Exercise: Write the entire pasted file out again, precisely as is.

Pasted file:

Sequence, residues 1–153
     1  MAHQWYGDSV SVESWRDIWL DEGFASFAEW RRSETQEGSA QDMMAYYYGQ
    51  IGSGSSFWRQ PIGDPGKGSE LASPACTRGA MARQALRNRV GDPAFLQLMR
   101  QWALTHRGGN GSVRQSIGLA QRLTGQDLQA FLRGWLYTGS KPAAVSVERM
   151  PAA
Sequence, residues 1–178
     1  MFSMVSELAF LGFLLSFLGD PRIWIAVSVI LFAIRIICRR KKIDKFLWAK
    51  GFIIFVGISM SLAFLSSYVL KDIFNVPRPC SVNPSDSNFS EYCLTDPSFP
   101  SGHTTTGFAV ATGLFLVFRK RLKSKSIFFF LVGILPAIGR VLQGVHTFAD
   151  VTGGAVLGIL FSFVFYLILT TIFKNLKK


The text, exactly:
Sequence, residues 1–153
     1  MAHQWYGDSV SVESWRDIWL DEGFASFAEW RRSETQEGSA QDMMAYYYGQ
    51  IGSGSSFWRQ PIGDPGKGSE LASPACTRGA MARQALRNRV GDPAFLQLMR
   101  QWALTHRGGN GSVRQSIGLA QRLTGQDLQA FLRGWLYTGS KPAAVSVERM
   151  PAA
Sequence, residues 1–178
     1  MFSMVSELAF LGFLLSFLGD PRIWIAVSVI LFAIRIICRR KKIDKFLWAK
    51  GFIIFVGISM SLAFLSSYVL KDIFNVPRPC SVNPSDSNFS EYCLTDPSFP
   101  SGHTTTGFAV ATGLFLVFRK RLKSKSIFFF LVGILPAIGR VLQGVHTFAD
   151  VTGGAVLGIL FSFVFYLILT TIFKNLKK